Local leaders reflect on changes 50 years after MLK's death - WEEK.com: Peoria-area News, Weather, Sports

Local leaders reflect on changes 50 years after MLK's death

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Many people are took time out Wednesday to reflect on Dr.  Martin Luther King Junior.  Fifty years ago the civil rights leader was shot and killed in Memphis, Tennessee.  
We asked some local residents what King might say now about  Peoria, once ranked the worst city for blacks to reside in according to a Wall Street 24-7 survey.  
"Seem like we've lost some of the gains we had and I think he'd be disappointed in that," said local NAACP board member Gene Petty. 

Petty said today's civil rights challenges include voter suppression, racial profiling, and higher minority unemployment some of the same things King fought against.   Tri-County Urban League President Laraine Bryson calls the 50th anniversary bittersweet. 

"I think that we have made some progress .  I can remember as a young girl just in this neighborhood having restaurants where that didn't serve people who look like me, those don't exist anymore in Peoria.  that's progress.  Many people have been employed in certain positions that is progress,"  she said.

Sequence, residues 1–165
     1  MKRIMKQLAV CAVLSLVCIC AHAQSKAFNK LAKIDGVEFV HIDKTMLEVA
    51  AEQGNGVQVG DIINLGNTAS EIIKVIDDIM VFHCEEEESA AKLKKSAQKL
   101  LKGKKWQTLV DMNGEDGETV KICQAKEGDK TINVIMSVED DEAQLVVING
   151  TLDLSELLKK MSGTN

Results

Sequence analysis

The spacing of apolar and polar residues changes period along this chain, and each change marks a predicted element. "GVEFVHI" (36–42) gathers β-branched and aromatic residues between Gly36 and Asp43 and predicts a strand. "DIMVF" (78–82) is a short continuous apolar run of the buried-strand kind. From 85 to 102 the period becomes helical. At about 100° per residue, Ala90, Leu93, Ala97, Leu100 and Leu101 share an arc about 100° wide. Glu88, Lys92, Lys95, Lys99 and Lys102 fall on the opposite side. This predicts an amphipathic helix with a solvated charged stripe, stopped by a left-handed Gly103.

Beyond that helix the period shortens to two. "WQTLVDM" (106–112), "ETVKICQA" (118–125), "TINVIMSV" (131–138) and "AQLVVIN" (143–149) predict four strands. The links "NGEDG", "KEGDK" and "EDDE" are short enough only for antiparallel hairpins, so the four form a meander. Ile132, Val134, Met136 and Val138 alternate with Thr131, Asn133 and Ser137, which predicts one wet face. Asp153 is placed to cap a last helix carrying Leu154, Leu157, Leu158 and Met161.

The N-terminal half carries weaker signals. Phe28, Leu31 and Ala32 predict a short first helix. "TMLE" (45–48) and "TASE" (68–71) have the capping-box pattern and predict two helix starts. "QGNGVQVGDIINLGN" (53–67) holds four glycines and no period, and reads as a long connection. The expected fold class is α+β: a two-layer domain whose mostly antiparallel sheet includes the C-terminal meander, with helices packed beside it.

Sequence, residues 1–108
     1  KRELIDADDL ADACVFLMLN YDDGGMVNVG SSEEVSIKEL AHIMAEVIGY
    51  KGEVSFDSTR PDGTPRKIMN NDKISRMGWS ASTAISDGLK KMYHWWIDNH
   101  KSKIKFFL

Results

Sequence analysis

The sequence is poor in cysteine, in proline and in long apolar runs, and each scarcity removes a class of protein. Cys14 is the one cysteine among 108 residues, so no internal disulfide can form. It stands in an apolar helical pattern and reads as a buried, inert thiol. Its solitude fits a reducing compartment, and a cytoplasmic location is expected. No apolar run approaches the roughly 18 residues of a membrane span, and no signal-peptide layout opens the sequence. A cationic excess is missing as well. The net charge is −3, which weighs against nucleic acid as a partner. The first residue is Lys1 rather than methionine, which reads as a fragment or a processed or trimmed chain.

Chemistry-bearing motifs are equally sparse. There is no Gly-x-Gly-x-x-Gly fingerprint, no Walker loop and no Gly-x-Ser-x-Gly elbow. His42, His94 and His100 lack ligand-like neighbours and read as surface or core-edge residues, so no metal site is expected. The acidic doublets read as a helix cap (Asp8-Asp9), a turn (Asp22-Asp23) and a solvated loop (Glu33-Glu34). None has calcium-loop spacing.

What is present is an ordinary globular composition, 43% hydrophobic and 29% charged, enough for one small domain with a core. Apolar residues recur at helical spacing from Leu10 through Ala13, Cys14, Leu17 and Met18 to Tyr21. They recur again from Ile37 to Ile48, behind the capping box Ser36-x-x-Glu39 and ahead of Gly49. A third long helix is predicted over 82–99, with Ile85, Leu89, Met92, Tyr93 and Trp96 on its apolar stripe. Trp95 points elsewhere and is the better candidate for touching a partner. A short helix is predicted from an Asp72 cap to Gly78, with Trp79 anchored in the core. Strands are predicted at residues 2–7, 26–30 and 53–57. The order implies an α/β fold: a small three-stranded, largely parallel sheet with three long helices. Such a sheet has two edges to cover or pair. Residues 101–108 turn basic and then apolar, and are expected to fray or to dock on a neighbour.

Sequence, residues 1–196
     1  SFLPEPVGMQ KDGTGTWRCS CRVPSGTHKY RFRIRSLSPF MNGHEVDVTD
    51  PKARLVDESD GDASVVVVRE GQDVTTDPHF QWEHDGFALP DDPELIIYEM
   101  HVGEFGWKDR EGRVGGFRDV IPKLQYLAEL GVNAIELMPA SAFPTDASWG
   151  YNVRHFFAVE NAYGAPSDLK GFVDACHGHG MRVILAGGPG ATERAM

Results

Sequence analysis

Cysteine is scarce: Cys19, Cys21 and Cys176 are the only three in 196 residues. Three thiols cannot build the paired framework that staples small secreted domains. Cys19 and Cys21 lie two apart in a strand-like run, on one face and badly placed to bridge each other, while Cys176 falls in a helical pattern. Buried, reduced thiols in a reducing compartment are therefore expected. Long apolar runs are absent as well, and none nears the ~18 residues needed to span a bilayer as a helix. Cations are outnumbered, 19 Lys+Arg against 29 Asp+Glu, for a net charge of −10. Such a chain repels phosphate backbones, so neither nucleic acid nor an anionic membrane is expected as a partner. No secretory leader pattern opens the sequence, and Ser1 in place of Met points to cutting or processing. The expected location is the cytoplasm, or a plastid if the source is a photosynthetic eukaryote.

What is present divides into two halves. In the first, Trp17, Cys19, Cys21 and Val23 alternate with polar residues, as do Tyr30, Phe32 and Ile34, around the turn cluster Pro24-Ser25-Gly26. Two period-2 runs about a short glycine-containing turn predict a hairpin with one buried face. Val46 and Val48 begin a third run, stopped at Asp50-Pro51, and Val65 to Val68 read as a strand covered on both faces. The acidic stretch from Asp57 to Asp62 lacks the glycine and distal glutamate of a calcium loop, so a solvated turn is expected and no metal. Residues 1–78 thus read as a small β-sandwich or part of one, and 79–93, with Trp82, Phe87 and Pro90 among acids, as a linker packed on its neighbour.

Two years ago a 24/7 Wall Street survey ranked Peoria the worst city in the country for African Americans, citing issues like joblessness for blacks at 15 percent,  three times that of their white counterparts.   Mayor Jim Ardis says issues that  King fought against in the 60's are still tough to deal with now.   

"I think the thing that all of us are dealing with almost on a daily basis are a lot of the relationships between the minority communities, specifically the African American community and our police departments," he said.

Gene Petty said there's been a return to segregation.

"60-percent of our teachers in public schools don't live in the city, probably that many police don't live in the city, same way with firemen, they don't have any vested interest in the city," he said. 

He said city leaders need to ecnourage people from moving out of the Peoria and instead promote more inclusiveness and diversity.  


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